Years ago, I was driving along a New Hampshire highway, and spotted a turtle by the side of the road.
My heart went out to it. So many times, you see crushed turtles on the road. They simply can’t move quickly enough to escape the rushing traffic.
Now, on the other side of the highway was a lake.
Clearly, the turtle was confused, and needed help. So I pulled over, picked up the turtle, and took it to the lake side of the road.
I was so proud of my good deed. I patted myself on the back for taking the time to help a little turtle.
Imagine how embarrassed I was to learn, years later, that I had done exactly the wrong thing.
Turtles don’t get lost.
Female turtles have powerful drives to do exactly what this one was doing. They travel long distances to a safe, dry place away from their watery home, to lay their eggs. When they’re done, they return to the water.
I had simply prolonged this poor turtle’s journey. And forced it to cross the dangerous highway again.
I read an article about our nation’s tendency to offer international aid, with good intentions. But we often neglect to let each country determine what aid it really needs. The author used the same example of giving misguided ‘help to the turtle. “Ask the turtle,” she admonished. “The turtle knows exactly what it needs.”
I love this story, though I still feel bad for my own turtle.
I had a phone consultation with Lyedie Lydecker a few days ago. With a messy studio, new projects looming, new work I want to do, small orders I need to fill, upcoming knee surgery and the resulting loss of income (I can’t do my big League of NH Craftsmen’s Fair this year), I’ve been overwhelmed with how to best use my remaining non-invalid time. I’d ask Lyedie to help me sort it all out.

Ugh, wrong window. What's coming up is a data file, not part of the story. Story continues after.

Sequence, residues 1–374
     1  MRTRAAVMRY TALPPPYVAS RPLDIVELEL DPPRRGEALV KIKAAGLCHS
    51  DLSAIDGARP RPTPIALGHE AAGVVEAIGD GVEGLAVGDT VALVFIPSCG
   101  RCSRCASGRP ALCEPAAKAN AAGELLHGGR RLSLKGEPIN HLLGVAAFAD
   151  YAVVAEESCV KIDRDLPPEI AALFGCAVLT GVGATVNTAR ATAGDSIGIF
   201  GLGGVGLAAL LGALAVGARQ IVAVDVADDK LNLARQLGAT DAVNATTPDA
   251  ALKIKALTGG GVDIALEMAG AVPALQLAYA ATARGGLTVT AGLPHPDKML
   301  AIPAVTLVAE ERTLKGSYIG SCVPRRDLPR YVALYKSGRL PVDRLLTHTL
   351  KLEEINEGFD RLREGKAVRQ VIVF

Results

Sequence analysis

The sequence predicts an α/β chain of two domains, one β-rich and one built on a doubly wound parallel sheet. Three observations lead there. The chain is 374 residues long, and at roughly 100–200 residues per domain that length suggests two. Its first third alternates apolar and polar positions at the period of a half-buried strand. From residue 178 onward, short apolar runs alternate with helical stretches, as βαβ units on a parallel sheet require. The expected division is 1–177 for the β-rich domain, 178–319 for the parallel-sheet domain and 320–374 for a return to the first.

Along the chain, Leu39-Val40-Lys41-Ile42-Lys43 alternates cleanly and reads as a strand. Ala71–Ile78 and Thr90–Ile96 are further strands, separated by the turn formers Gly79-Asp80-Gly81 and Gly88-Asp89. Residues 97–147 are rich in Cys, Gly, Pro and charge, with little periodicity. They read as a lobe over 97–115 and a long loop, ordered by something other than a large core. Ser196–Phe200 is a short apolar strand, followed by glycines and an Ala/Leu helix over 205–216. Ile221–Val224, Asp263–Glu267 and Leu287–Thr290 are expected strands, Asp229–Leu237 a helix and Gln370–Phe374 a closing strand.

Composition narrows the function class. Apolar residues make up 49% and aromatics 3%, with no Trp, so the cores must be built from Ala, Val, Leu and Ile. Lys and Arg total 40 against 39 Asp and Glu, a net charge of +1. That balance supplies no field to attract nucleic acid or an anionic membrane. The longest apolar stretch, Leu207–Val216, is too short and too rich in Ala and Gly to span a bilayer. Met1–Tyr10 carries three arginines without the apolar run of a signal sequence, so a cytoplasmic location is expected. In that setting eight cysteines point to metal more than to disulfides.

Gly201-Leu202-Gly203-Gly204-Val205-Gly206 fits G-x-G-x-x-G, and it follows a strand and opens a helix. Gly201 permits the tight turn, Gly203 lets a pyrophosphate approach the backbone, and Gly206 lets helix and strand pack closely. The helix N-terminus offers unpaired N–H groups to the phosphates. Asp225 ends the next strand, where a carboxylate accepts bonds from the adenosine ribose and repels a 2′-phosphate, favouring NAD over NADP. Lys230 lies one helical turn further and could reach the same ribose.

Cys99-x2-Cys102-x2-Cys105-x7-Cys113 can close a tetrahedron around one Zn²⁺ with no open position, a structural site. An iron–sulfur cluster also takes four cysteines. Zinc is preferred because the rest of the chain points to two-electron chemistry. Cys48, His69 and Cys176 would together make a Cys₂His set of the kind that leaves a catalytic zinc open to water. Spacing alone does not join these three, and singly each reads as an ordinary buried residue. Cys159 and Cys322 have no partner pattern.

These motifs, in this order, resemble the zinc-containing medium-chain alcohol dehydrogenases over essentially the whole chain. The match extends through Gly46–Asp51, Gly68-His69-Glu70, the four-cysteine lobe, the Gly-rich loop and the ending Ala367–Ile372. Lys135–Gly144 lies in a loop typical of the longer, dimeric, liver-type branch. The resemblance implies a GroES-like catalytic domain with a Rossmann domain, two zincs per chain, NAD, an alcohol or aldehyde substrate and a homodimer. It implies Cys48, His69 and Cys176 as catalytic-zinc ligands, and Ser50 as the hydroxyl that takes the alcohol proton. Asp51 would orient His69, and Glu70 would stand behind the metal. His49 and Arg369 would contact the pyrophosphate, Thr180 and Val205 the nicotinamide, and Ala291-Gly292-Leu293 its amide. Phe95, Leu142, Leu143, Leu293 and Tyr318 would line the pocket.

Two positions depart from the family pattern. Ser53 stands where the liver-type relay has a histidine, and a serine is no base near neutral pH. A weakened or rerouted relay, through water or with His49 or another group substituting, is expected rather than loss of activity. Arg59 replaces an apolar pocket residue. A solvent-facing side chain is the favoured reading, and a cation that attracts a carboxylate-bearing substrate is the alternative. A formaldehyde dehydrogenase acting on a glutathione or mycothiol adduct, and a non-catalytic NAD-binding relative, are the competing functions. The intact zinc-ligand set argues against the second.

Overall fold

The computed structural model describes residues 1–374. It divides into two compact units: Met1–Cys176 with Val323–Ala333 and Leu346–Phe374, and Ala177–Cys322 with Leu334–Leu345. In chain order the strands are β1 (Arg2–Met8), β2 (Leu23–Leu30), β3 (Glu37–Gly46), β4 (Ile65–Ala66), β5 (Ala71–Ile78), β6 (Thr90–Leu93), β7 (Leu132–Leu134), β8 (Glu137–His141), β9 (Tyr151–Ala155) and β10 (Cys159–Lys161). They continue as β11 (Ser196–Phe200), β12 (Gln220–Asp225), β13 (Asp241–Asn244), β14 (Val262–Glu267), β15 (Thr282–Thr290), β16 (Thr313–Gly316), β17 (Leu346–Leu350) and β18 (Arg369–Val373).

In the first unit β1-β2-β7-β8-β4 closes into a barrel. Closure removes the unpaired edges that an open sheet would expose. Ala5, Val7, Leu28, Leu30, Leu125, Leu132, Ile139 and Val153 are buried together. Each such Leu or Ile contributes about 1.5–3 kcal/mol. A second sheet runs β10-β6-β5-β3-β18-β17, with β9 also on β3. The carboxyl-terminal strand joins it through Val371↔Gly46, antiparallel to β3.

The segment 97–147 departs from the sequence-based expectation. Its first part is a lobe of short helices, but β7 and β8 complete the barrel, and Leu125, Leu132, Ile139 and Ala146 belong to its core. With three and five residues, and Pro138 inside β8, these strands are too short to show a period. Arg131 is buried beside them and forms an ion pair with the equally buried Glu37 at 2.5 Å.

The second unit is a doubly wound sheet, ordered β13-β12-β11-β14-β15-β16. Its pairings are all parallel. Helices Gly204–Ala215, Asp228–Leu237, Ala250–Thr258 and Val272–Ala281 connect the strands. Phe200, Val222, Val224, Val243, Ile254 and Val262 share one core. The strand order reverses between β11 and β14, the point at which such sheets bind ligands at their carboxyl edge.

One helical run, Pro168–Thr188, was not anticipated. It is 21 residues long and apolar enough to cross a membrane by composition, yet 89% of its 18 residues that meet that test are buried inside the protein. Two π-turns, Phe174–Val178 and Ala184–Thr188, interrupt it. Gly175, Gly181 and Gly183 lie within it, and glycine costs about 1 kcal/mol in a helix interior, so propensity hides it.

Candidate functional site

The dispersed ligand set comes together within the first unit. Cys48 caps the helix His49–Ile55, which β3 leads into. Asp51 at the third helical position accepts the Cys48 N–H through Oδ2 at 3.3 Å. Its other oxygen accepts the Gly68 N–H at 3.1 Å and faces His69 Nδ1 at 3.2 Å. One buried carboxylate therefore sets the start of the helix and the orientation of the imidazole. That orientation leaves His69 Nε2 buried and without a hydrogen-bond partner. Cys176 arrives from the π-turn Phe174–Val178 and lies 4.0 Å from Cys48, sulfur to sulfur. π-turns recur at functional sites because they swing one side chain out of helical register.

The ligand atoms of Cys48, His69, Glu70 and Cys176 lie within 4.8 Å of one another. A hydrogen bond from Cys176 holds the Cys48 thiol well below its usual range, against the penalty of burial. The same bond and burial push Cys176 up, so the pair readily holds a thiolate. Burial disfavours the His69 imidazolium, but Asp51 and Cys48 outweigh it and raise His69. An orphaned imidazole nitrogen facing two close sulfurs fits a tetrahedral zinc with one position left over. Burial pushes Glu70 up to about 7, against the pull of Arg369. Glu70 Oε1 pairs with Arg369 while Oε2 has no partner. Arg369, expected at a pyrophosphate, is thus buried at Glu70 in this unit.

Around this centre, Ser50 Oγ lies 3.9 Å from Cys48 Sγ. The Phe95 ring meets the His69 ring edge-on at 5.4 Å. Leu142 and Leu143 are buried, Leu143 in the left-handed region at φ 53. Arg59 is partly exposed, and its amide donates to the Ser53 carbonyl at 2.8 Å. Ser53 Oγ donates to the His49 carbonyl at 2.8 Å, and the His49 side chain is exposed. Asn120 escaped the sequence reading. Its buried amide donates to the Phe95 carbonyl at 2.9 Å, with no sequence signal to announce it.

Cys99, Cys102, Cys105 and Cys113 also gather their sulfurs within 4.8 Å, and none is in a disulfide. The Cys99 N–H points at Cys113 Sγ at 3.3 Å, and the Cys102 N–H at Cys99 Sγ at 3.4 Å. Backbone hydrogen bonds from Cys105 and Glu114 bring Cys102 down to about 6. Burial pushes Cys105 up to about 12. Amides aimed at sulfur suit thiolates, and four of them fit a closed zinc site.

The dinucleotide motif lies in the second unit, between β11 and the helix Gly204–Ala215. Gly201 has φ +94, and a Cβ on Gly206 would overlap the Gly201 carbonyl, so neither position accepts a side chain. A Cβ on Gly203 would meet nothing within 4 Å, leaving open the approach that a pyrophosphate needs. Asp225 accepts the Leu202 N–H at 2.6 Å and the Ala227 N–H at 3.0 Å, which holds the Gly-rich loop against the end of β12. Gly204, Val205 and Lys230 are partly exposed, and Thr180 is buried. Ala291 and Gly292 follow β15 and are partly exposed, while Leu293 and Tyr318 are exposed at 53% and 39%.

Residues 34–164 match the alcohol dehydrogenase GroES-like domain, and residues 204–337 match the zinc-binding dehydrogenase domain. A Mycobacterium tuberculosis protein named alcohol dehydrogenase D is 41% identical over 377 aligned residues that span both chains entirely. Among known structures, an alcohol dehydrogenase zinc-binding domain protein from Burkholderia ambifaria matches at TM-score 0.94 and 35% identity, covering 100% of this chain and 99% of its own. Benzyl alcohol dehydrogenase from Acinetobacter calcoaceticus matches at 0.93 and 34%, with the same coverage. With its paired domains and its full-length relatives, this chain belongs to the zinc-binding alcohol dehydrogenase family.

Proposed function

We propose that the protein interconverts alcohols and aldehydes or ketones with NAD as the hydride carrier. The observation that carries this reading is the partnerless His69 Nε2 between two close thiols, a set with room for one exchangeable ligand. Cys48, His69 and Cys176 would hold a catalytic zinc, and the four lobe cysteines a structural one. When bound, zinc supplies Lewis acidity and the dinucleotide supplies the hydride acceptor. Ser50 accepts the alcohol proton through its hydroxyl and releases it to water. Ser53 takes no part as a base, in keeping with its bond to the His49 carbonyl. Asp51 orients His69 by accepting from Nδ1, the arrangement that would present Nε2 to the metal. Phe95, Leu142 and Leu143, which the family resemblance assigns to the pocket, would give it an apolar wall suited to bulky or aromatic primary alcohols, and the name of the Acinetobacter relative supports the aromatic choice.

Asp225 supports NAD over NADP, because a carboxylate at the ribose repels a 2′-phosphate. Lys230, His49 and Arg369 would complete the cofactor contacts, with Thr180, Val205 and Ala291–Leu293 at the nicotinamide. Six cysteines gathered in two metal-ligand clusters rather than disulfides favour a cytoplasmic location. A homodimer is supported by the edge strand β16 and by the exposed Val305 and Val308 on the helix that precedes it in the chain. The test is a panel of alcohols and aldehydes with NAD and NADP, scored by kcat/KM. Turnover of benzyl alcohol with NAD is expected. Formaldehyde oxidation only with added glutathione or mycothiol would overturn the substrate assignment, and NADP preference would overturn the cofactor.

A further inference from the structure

She listened, which is a blessing in itself. So many people listen, but then try to fix. (I do that!) I was listened to with exquisite care.
But the best insight was how to approach my studio.
It’s such a mess, and the thought of cleaning it now is overwhelming.
Now, about our studios…. Lyedie firmly believes that our studio isn’t just a physical space to work. It’s a partner in our creative process.
She said, “Ask your studio–your beloved partner in your creative process–what it needs.
As I look over the notes I took of our conversation, I flashback to an article I wrote almost eight years ago. As I reread it, I’m astounded by what I wrote that day.
Because it echoes Lyedie’s words so clearly, it’s eerie.
I firmly believe that we already know what we need to know. Sometimes it takes someone else to tease it out of us. And sometimes we just need someone to tell us.
So how do I ask my studio what it needs? Hmmmmmm……
Someone once told me how to do just that. The universe will give us everything we ask for, she said, if we would ask the right way.
You look down and close your eyes, droopy. Then expand and stand tall. Raise your face to the sky, turn your hands out, and ask. Out loud. Ask for what you want with your whole heart. (I did it a few times, and it worked so profoundly, I was scared to ask any more. Mistake!)
Now what does that remind me of??
I realize today I’ve seen this posture before.
You can see it in the figure above, one of a group of four female figures I saw in the King Tut exhibition in Toronto many, many years ago. They are guardian figures (of Tut’s sarcophagus?), believed to be modeled after his mother. They protect the remains of her beloved son, with serenity, with peace, with gentleness and love.
So that’s what I did this morning. I entered the studio today as a supplicant, as a loving partner, eager to restore my beautiful relationship with my beloved space.
I asked my studio what it needed from me.
Because I was willing to see, to listen, to feel, to love, I heard what my studio needs.
And it was not what I thought it was. It doesn’t want much. There are no demands, no resentment, no punishment or resentment. Just a few gentle requests. All things I can manage, and all things that will return tenfold in joy.
Today, I asked the turtle.